Monday, August 12, 2013

No Intro Today.....really

I read this week's blog and it, in a word, sucked. 

After 161 uninterrupted weeks, through wind, rain, snow, heat, thunder, dark of night, trips to Florida, and one broken arm complete with surgery, I need a week off. 

For all you fans of ZJOD, here it is: how to tell a joke....just in case you forgot. 

Ziggy's Joke o'the Day
1998 - 2006

Today's column is the 100'th edition of Ziggy's Joke o' the day.  In
honor of this dubious feat, and because Derek, one of my vast horde
of ZJOD Irregulars, has challenged me to it, I'm gonna skip my
special brand of observational topspin on the usual diatribe and
obscure news piece.  Instead, I'm doing a piece on how to tell a
joke so folks will laugh at the joke... and not at you for trying to
tell it.

                      How to Tell a Joke

Before Starting

Always make sure your fly is zipped before trying to tell a joke.
If it isn't, people will be laughing at you, not at your joke.  Try
to make sure your socks match and that you've got your shoes on the
correct feet.  This will reassure people who don't know you very
well that you haven't just been released from the local booby-hatch,
are not a fugitive from the fashion police, and are not a computer
programmer.  While optional, inflatable shoes aren't usually
necessary and, if you really, really upset the people you're telling
the joke to, also interfere with a quick getaway.  If you choose the
inflatables, please remember to wear a red sponge-rubber (NOT
plastic) nose...  a joke fashion-accessory must (it also helps
cushion a hard blow to the bezel better than anything yet invented
for boxing).

Being personally offensive or threatening isn't funny.  If you have
a cold, projectile vomiting, bad breath, a broken shower at home,
are holding a large-caliber handgun (.22's and .25's are okay), are
on a multi-day drinking binge, or ate a bean burrito for lunch, try
and tell the joke from a minimum distance of 18 feet from the jokee.
If none of these conditions apply, it's probably safe to tell the
joke at normal interpersonal distances.  Either way, try to remember
good grooming is important and that good grooming really _does_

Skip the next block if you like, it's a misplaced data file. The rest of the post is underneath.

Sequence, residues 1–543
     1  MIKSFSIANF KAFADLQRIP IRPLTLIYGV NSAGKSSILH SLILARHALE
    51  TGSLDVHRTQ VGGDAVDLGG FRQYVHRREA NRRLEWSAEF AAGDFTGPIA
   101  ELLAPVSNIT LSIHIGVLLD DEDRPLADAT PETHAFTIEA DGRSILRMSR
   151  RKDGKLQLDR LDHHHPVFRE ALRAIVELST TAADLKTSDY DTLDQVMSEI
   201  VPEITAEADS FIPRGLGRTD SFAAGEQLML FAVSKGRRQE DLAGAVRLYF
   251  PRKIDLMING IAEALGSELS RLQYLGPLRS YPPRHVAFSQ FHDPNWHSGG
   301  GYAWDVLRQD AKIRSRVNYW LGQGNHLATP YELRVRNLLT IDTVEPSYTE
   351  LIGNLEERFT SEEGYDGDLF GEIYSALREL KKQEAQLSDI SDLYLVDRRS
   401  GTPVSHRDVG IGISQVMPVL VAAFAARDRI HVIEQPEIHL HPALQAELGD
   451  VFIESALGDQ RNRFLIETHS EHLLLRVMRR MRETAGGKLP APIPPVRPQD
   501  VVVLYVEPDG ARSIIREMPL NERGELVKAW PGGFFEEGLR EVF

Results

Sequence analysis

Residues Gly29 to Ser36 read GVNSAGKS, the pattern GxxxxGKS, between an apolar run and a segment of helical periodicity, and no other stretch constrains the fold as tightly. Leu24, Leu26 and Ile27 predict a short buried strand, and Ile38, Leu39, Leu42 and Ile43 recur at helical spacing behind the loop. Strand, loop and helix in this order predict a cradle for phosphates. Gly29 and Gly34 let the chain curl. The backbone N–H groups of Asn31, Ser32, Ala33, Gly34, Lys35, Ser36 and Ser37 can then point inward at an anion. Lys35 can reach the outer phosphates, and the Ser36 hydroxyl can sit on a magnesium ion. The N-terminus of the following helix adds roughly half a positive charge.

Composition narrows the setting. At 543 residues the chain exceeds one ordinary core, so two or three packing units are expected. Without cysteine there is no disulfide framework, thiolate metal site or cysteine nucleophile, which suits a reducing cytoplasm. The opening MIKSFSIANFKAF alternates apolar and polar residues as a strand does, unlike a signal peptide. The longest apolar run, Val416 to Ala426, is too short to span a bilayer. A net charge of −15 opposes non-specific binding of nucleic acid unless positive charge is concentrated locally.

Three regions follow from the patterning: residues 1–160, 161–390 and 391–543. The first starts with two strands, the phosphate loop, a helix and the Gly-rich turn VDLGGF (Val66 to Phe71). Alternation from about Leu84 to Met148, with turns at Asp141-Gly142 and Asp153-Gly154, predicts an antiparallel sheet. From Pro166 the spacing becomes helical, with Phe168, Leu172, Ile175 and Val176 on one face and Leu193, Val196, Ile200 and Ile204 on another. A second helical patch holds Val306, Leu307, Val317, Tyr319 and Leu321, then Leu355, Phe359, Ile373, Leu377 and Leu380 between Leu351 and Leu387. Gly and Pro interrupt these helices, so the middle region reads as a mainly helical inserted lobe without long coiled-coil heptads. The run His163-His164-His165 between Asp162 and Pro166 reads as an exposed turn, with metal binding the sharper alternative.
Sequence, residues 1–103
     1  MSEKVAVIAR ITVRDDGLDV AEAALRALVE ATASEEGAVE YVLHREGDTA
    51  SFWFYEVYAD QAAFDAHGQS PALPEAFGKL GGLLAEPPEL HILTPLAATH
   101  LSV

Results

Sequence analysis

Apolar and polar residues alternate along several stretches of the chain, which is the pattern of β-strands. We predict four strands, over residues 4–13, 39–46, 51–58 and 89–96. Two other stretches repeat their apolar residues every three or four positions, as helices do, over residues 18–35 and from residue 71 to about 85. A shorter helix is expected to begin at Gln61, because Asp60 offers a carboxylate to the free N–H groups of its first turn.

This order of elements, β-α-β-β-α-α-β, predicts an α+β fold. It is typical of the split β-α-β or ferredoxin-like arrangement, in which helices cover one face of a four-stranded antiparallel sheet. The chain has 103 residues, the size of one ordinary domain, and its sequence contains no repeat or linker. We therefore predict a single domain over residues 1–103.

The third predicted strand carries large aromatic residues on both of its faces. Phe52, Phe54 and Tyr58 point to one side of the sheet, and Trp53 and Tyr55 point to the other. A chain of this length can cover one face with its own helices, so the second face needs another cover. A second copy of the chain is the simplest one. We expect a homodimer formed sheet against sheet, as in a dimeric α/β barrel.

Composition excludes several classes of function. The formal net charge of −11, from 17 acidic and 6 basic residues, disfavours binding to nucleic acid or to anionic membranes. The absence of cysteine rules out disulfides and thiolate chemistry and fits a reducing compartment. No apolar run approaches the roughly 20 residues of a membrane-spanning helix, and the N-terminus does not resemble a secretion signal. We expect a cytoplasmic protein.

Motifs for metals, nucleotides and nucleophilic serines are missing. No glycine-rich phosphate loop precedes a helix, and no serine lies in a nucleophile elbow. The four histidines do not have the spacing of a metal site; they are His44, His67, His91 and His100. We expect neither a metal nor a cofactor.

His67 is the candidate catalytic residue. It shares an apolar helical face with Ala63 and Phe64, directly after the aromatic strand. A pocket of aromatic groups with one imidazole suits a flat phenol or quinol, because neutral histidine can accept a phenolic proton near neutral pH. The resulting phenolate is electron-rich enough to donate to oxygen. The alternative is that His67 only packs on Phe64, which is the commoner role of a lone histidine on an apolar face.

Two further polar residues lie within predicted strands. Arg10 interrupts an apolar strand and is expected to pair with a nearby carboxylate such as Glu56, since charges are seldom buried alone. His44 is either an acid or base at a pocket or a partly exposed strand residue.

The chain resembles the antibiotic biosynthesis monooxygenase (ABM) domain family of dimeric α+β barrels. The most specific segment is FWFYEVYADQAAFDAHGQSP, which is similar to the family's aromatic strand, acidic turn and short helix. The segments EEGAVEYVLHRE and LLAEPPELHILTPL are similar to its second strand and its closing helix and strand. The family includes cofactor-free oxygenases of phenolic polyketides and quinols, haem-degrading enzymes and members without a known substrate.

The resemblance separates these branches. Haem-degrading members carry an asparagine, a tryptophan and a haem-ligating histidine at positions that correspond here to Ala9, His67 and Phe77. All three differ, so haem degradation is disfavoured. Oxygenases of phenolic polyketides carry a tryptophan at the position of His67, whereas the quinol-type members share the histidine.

include nose hair, too.

Selecting the Joke

Keep in mind short jokes are usually better than long jokes...
especially if the joke sucks, and until you've told a joke a few
times, you just never know.  Yeah, you might've thought it was funny
when your buddy Al at work told it to ya, but HEY, you're not Al,
okay?  Also, short jokes are better than tall jokes because tall
people are generally bigger and stronger and can hurt you if you
offend them.

Know something about your audience before trying to tell them a

For example, don't tell sexually related jokes at church, to your
kids, at the dinner table, at work, or to the social worker who
visits to make sure you're living up to the conditions of your
parole so you can get your kids back.  Don't tell a cop a joke
containing the words "cop" and "doughnut" unless you're a cop, too.
If you're not a cop, don't tell drunk jokes during a sobriety stop.
And so on, and so on...  You get the idea.

Before telling a joke to someone, put yourself in his/her shoes (you
should _always_ first ask if you can borrow their shoes), and reject
jokes that, while funny to _you_, will only piss _them_ off.  Avoid
telling jokes to people without shoes.  Their feet probably hurt,
and absolutely nothing's funny when your feet hurt.

Important safety tips: never attempt to tell woman-driver jokes or
jokes about PMS to a female of any age.  Also, never try out a new
change-of-life joke on a women in short sleeves standing in a
walk-in cooler.  It may be a really funny joke, but you're taking a
life-threatening risk telling it in these situations.  Along these
same lines, never attempt to tell a physician a joke while he's
holding or probing an important piece of your anatomy.  Policemen
generally like jokes and usually are good natured people, especially
if you're nice to them, but NEVER tell cops a joke when they're
pointing guns in your direction... if they laugh really hard at the
punch-line, they might shoot you by mistake.

If you're not a member of any of the following groups, never attempt
to tell a joke to: accountants, actuaries, funeral and/or choir
directors, Cobol programmers, members of the KKK dressed in sheets,
IRS auditors, the Queen of England, the Pope, any child below the
age of 5, the judge at any trial in which you are a defendant, or a
prison-guard whose job is to pull the switch on "Old Sparky".  What
these folks think of as funny and what you think of as funny will
never, ever intersect.

Know yourself as well.  For example, don't ever tell dick-jokes if
your name is Johnson.

The next important thing to remember about joke selection is: pick a
funny joke.

The Setup

Avoid trite or inappropriate setups like "Hey, Shithead!  Did I ever
tell you the one about...", "I just heard this _really_ stupid
joke..." or even "We're here today to honor and remember the life of
a man we all...".  Setups like these usually signal you're a
beginner.  Most sophisticated joke consumers know a lame setup is
usually followed by a lamer joke.

If you're unsure the jokee hasn't already heard the joke, don't ask
"Did I ever tell you the `You're a mean drunk, Superman!' joke?"
when `You're a mean drunk, Superman!' is the punch-line of the joke.
Believe it or not, scientists at the University of Oslo have found